Camera Lens Protector or Filter Advice.

Posted by: Tony2011 on 09 September 2018

As per title. I did not want to spoil  the Nice Photos thread, so I have opened  this one to find out how many of our beloved happy shooters make use of filters on their expensive gear. I have read endless, supposed to be impartial, reviews but most of them are kind of biased towards one brand or another. Iím thinking  of buying  a protector and also a CPL.

Any thoughts are much appreciated. Many thanks.


Posted on: 09 September 2018 by Christopher_M

Tony, I don't use them. I always use a lens hood though. Any blow to the front of the lens is going to be taken by the hood instead.

I use a soft blower brush on the front and rear elements of lenses (rear not always needed) after every shift. Hope that helps.


Posted on: 09 September 2018 by JamieWednesday

Likewise on the lens hood, especially on the big lenses.

The expensive Hoyas and more expensive b&w CPLís work well. I use Hoya myself if using at all, which is rare these days.

Posted on: 09 September 2018 by Tony2011

Thank you, Chris, I know some people only use protectors when shooting in deserts or windy situations. Of course, one can use software enhancements instead of filters but reflections for example are a pain to get rid of hence the use of CPLs filters. As you mentioned, the simple use of a hood and blowers seems to have a good following. 

Posted on: 09 September 2018 by Haim Ronen

I use clear Nikkor glass filters with my lenses. They say that filters somewhat reduce contrast and add reflections but for the shot of the century you can always unscrew and remove the filter. A friend of mine, walking the streets of Chicago with his expensive hooded zoom without a filter, ended up with an oil stain on the lens which cost hundreds of dollars to remove.

Posted on: 09 September 2018 by DBS-Al


All my lenses have Hoya Pro 1 UV filters attached permanently to protect from dust etc scratching the lens. Not too expensive either. I also use CPL and a selection of neutral density and a few graduated filters for landscape shots ( especially waterfalls ). I always carry a small cleaning cloth and blower brush too.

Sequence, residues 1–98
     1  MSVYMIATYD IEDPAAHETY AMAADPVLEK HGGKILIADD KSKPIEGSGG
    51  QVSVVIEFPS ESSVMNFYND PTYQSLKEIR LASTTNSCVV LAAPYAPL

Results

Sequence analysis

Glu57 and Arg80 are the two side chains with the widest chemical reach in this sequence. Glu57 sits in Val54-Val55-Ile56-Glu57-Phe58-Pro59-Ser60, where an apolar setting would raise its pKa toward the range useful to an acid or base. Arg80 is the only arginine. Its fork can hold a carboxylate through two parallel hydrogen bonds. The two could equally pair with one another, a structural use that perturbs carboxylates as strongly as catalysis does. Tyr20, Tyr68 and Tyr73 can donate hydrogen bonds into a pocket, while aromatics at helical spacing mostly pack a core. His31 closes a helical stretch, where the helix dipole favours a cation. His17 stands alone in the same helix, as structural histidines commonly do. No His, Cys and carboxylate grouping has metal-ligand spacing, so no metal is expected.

Regards, Alan.


Posted on: 09 September 2018 by count.d

I've always used a filter on the front and always have the lenshood attached. Nikon filter in Nikon lens, Canon filter on Canon lens, etc..

Posted on: 10 September 2018 by Tony Lockhart

I never fit a filter unless it's for effects. 


UV isn't necessary on digital. 


I had an oil spot on my 70-200mm this weekend, removed that with a Lenspen. 


I'd really hate to have, say, a small stone flicked up by a rally car hit a filter, smash the filter, and cause no end of heartache. The front lens element is a tough piece of glass, much tougher than a filter, and the odd scratch doesn't really matter. 


After ten years, my 70-200 is immaculate, and I'm no OCD possessive type.  


Hood, and sensible care is all that's needed. 

Posted on: 10 September 2018 by Tony2011

I just bought a Nikon 70-200 and stories like Tonyís make me shiver and the idea of a protector gives me even more food for thought. Thanks for sharing and for the advice.

Posted on: 10 September 2018 by Tony Lockhart

The big question might be: protect the lens from what?

Posted on: 10 September 2018 by Tony2011

All sorts of gremlins, dust, finger prints, etc... Maybe Iím just too paranoid as itís not a cheap glass. Mind you, itís not the type of lens Iíll be using on a daily basis either. 

Posted on: 10 September 2018 by Huge

Using a Hoya Pro 1 UV saved the front lens element of my 16-50 f/2.8 from damage by rain during one holiday (given the circumstances it was probably acidic rain).  I couldn't clean the filter as the coating was etched, so I binned it - a lot cheaper than a new front element of that size.

I'll use a Kasemann polariser sometimes, but NOT for wide angle shots showing a significant amount of sky; other than that all effects (and only very rarely used) are done in post processing.

Posted on: 10 September 2018 by Tony Lockhart



Crikey. My gear has been soaked many times and rain has never caused anything but a minor inconvenience.  

Posted on: 10 September 2018 by Wugged Woy

I use Hoya Pro 1 UV and B&W (can't remember no.) on all my lenses. Maybe it just makes me feel more secure.

Maybe picture quality is compromised (contrast for instance) but to be honest I can't tell the difference.

Filters don't have to be UV. As Tony states, UV is irrelevant for digital cameras.

Maybe it is best to have filters on short primes and short teles due to the front element being close to the front, or even protruding from, the lens (and they have small lens hoods). Longer primes and longer teles have the front element more recessed (and have deeper lens hoods) so are less in need of a filter.

Just my tuppence.

Posted on: 10 September 2018 by Huge
Tony Lockhart posted:



Crikey. My gear has been soaked many times and rain has never caused anything but a minor inconvenience.  

OK, it was in Iceland and there was a volcanic eruption going on at the time so the rain was an interesting chemical mix!

(It wasn't EyjafjallajŲkull though.)

Posted on: 10 September 2018 by Peakman